Contract - Baby, Light My Fire: Pleasanton Firehouse Arts Center, Pleasanton, Calif., Designed by ELS Architecture and Urban Design

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Baby, Light My Fire: Pleasanton Firehouse Arts Center, Pleasanton, Calif., Designed by ELS Architecture and Urban Design

22 July, 2011


The community of Pleasanton, California, has a special appreciation for the arts. But even with an established Civic Arts program, a 600-seat proscenium theater, and a downtown museum, many of the town’s residents still felt the need for a more intimate multi-purpose arts facility that could reflect Pleasanton’s lively past—and they looked to an old firehouse, built in 1929, to satisfy their creative appetites.

Berkeley, California-based ELS Architecture and Urban Design was tasked with transforming the historic Firehouse No. 1 site, located just a block off Main Street on a triangular plot of land adjacent to the old Central Pacific Railroad line and Wayside Park, into a unique venue that could facilitate the education and presentation of performing and visual arts. But the two-story brick structure presented some challenges for the design team. The greatest of these was to find a solution that would not only incorporate the firehouse into the new design but also adequately celebrate it.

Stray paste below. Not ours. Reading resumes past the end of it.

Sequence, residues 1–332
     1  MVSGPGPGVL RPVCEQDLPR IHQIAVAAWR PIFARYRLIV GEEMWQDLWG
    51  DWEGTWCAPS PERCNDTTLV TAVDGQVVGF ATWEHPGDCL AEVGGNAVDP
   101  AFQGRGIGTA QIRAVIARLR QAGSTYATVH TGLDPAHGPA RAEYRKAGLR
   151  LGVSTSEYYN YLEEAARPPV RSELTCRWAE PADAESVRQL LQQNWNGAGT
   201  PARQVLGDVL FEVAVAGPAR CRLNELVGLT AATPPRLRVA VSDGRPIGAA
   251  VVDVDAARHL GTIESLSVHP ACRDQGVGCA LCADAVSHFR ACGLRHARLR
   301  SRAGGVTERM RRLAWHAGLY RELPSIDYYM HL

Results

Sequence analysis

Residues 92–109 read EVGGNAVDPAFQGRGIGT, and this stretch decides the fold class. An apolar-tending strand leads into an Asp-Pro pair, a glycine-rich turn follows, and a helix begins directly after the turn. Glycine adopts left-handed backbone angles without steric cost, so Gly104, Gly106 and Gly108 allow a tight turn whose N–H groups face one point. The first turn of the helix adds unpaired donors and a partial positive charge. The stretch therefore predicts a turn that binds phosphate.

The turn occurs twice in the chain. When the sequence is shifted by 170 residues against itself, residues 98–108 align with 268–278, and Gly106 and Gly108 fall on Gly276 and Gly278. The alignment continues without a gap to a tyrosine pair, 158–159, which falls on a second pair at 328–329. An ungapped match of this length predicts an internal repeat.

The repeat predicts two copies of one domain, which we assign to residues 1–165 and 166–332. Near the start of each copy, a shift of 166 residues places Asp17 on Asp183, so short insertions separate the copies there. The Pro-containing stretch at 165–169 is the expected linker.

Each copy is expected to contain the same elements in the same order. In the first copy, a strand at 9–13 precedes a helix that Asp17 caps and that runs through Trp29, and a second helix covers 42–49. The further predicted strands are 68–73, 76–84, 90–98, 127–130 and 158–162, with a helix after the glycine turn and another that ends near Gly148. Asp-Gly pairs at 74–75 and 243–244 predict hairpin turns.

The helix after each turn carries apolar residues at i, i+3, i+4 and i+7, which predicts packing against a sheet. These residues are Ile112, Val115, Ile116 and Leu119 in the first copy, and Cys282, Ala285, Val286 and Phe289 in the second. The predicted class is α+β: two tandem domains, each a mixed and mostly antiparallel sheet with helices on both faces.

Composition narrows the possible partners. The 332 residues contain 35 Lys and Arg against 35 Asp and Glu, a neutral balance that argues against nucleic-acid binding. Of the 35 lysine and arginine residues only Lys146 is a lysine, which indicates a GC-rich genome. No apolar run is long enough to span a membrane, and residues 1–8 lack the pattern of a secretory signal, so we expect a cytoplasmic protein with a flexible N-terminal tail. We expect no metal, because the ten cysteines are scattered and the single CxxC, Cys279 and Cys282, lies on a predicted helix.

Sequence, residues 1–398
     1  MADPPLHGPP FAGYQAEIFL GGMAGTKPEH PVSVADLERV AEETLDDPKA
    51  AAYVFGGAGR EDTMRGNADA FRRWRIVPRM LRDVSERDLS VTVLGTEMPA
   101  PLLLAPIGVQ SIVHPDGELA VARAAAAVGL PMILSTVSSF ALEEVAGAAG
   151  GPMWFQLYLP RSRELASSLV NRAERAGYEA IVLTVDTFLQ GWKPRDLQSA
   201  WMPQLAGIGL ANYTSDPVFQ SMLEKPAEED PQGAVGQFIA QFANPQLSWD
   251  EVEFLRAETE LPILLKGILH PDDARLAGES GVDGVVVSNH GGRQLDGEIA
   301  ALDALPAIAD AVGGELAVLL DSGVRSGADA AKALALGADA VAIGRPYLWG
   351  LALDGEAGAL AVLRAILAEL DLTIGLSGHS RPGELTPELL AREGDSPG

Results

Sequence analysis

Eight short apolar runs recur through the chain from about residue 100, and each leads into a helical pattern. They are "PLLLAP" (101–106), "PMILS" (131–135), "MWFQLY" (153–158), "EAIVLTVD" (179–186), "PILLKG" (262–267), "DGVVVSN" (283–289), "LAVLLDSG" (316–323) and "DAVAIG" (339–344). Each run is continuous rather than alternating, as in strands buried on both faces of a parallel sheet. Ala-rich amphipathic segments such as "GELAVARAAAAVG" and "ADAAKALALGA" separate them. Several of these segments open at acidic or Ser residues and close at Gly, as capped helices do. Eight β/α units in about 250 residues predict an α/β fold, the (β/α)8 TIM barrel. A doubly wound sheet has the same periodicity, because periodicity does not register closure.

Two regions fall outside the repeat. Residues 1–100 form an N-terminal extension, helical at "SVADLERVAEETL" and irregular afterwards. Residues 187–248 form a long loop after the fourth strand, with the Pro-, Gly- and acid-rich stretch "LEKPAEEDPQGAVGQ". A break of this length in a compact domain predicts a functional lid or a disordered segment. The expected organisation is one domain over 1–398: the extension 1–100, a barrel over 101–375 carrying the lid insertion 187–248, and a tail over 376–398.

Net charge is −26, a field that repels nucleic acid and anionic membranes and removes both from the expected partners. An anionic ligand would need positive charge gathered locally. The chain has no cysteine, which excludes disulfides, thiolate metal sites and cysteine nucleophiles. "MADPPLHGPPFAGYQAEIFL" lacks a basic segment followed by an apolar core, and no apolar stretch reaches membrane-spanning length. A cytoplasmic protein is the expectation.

>> Click the "more photos" link above to continue reading.




Baby, Light My Fire: Pleasanton Firehouse Arts Center, Pleasanton, Calif., Designed by ELS Architecture and Urban Design

22 July, 2011


David Wakely

The community of Pleasanton, California, has a special appreciation for the arts. But even with an established Civic Arts program, a 600-seat proscenium theater, and a downtown museum, many of the town’s residents still felt the need for a more intimate multi-purpose arts facility that could reflect Pleasanton’s lively past—and they looked to an old firehouse, built in 1929, to satisfy their creative appetites.

Berkeley, California-based ELS Architecture and Urban Design was tasked with transforming the historic Firehouse No. 1 site, located just a block off Main Street on a triangular plot of land adjacent to the old Central Pacific Railroad line and Wayside Park, into a unique venue that could facilitate the education and presentation of performing and visual arts. But the two-story brick structure presented some challenges for the design team. The greatest of these was to find a solution that would not only incorporate the firehouse into the new design but also adequately celebrate it.

>> Click the "more photos" link above to continue reading.

 


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